A – We do allow transgender men.  What is prohibited in USA Powerlifting is the use of external androgens in this organization.  This is the same rule that applies to all members.  We have many older male lifters for example who require through their doctor to take hormone therapy(HRT).  We respect their need to follow their doctors advice, but with that said, they are no longer eligible to be compete within USA Powerlifting.

Q – Why does the IOC Guidelines and WADA allow testosterone and USA Powerlifting does not?
A – One must remember that both the IOC and WADA are written to apply to all sports.  Within each sport, it is to be determined what is appropriate for sport.   Powerlifting is a strength sport.  Androgens, such as testosterone is a strength inducing substance, which would aid in the performance within this specific sport.  Therefore, not allowed for any powerlifting athlete, no matter what their medical needs are.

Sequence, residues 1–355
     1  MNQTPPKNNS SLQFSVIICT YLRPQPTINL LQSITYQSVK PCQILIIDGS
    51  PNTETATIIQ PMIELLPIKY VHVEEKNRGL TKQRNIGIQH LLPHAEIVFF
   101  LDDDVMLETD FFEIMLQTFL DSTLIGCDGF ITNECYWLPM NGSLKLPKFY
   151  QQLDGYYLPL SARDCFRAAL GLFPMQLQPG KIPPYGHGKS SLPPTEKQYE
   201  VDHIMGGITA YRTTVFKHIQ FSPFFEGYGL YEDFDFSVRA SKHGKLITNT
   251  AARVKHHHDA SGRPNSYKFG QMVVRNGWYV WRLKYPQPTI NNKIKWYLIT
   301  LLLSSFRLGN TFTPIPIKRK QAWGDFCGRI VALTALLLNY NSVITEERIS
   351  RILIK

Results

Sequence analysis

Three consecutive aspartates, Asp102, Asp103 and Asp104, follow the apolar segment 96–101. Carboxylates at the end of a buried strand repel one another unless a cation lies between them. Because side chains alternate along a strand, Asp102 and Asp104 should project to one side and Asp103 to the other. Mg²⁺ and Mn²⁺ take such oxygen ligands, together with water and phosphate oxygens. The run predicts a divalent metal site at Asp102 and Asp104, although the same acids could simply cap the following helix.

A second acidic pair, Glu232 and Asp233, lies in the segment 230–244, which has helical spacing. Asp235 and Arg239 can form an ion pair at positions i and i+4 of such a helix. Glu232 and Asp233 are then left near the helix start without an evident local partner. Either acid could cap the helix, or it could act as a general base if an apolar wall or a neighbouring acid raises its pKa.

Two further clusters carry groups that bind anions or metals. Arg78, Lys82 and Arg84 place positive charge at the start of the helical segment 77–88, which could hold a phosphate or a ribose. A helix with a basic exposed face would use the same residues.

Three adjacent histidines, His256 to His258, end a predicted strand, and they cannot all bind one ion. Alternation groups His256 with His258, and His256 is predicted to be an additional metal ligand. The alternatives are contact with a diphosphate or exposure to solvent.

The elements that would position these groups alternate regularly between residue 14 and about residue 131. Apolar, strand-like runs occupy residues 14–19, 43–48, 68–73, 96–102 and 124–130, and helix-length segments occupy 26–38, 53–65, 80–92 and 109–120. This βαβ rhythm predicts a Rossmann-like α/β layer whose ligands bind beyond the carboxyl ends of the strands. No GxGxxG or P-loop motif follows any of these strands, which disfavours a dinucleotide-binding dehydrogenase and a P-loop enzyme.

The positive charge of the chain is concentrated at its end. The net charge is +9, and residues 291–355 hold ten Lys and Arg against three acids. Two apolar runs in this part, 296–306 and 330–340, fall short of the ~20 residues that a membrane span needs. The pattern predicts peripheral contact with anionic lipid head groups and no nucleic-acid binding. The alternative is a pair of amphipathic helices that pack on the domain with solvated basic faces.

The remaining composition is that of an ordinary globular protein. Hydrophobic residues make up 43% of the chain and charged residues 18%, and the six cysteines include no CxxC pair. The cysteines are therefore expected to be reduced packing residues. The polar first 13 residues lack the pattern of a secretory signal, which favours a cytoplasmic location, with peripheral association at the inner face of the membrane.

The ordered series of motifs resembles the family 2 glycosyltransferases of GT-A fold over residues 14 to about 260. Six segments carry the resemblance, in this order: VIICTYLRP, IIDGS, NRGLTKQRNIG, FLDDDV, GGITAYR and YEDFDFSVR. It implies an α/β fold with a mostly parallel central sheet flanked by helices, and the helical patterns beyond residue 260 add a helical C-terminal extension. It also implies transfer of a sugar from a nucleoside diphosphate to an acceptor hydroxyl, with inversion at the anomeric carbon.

Q – I am a female and do not care if I compete against a transgender female, so why is it not allowed?
A – While we find it commendable that you feel this way, we must also look at the fairness in competition for the majority of our female members.

Q – Why don’t you just have another division for transgender athletes to compete in?
A – This option, interestingly has been implemented by the LGBT Powerlifting Union, who once a year hold a “non-sanctioned” Powerlifting competition. (LGBT International Powerlifting Championships).
While this event does not follow the drug testing policy for USA Powerlifting, it appears to be a viable option for them and the MX category is set to be included in the 2020 Gay Games in Hong Kong.
The MX Category that is currently offered by LGBT IPC is optional for Trans, Non Binary and Intersex athletes, with athletes also able to choose Male or Female category from day one they make any decision to transition.